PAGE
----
Responses to the intervention varied across the organisations in our study. Two organisations transformed work processes in response to the intervention. These organisations responded to the intervention as intended, producing an organisation-wide QI strategy, and made substantial progress implementing one organisation-wide QI project. One organisation customised the intervention, with a positive consequence in the form of accomplishing locally identified priorities for QI. In two of the remaining organisations, the response could be characterised as loose coupling with no positive effects attributable to the intervention. In the final organisation, the intervention was corrupted by external regulatory demands (see online supplementary table S2 for detail). We found that the response of organisations to the intervention was contingent on two main contextual features, the availability of ‘slack’ and the functioning of the board. These features are elaborated below. Data extracts have been chosen to illustrate our findings.
In our study, ‘slack’ comprised positive conditions for both thought and action. These two components were frequently referred to by participants in our study as having ‘thinking space’ and ‘someone to do the doing’. The amount of slack that was available to organisations was shaped by the extent to which organisations were compliant with national standards, such as the Department of Health’s standard for a maximum of 4 hours patient waiting time in accident and emergency (A&E) departments. Where organisations had not met external standards, activities were focused on meeting these, and the organisation faced increased pressure from external bodies, such as commissioners and regulators. This reduced their autonomy and placed additional demands and requirements on the organisation, such as additional reporting, and attendance at meetings with external organisations. The autonomy gained from meeting national standards also facilitated the acquisition of funds for QI. For example, organisation 1 was able to negotiate with the commissioner dedicated funding for QI initiatives. This provided funding for additional staff to ‘do the doing’.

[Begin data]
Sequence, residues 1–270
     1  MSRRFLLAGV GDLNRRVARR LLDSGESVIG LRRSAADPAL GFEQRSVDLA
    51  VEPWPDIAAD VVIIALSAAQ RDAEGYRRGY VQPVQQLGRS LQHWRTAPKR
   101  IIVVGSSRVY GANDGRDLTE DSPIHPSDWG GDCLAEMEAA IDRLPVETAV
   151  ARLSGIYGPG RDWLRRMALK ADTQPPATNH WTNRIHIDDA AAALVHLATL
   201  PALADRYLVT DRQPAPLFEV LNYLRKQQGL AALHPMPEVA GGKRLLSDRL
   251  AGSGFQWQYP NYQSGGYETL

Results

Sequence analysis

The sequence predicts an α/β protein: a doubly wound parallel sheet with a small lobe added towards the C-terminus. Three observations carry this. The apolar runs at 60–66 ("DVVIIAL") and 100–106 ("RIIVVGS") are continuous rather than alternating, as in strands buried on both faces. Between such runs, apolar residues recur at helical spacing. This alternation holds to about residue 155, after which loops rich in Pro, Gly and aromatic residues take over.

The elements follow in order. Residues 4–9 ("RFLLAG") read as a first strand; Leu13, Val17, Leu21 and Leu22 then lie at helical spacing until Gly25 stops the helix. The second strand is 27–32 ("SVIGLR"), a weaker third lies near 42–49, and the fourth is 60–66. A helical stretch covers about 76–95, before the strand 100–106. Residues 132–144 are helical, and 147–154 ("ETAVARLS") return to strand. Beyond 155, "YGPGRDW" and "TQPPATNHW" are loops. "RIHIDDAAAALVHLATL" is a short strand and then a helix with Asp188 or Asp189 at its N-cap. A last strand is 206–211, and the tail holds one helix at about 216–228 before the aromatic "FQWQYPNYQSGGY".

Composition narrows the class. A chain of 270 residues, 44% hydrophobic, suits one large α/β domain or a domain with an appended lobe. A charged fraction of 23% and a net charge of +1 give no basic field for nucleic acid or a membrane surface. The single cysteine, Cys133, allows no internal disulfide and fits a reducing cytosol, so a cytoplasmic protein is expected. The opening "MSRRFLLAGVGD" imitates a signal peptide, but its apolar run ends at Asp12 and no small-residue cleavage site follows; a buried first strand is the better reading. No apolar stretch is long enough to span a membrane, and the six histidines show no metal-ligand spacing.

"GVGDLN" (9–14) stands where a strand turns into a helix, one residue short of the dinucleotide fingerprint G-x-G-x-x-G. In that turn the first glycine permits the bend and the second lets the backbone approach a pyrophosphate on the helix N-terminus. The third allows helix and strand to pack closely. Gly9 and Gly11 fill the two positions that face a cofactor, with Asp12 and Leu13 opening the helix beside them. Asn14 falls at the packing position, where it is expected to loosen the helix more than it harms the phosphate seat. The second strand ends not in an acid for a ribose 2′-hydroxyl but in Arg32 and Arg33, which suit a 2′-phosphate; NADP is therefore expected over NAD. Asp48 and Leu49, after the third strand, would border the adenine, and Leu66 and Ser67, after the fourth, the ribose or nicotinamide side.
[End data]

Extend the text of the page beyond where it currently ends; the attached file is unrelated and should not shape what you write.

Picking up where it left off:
Where organisations lacked thinking space or capacity for action, the response to the intervention diverged from what was intended. For example, organisation 3 was not compliant with a number of national standards and in the year prior to the intervention it had been placed in ‘special measures’ by the national regulator. This is a process imposed on organisations when the overall service, or certain core services, have been rated ‘inadequate’. The organisation is required to follow an externally imposed ‘improvement plan’ and is subject to a follow-up review to assess performance against the plan. This organisation also faced severe financial constraints and lacked key resources. For example, as a result of a previous cost cutting exercise, all clinical governance posts had been removed. Although initial engagement with the intervention was strong, the key stumbling block was finding someone to ‘do the doing’, especially in relation to developing and implementing an organisation-wide QI project.
The intervention competed with the improvement plan imposed by the regulator which was clearly the top priority for the organisation. This was explicit in the interview accounts following the intervention:
So what I am trying to say is basically in the scheme of things if this was helping me get out of special measures the answer would be absolutely I would be there. At the moment it’s not helping me get out of special measures. (Chair, T3)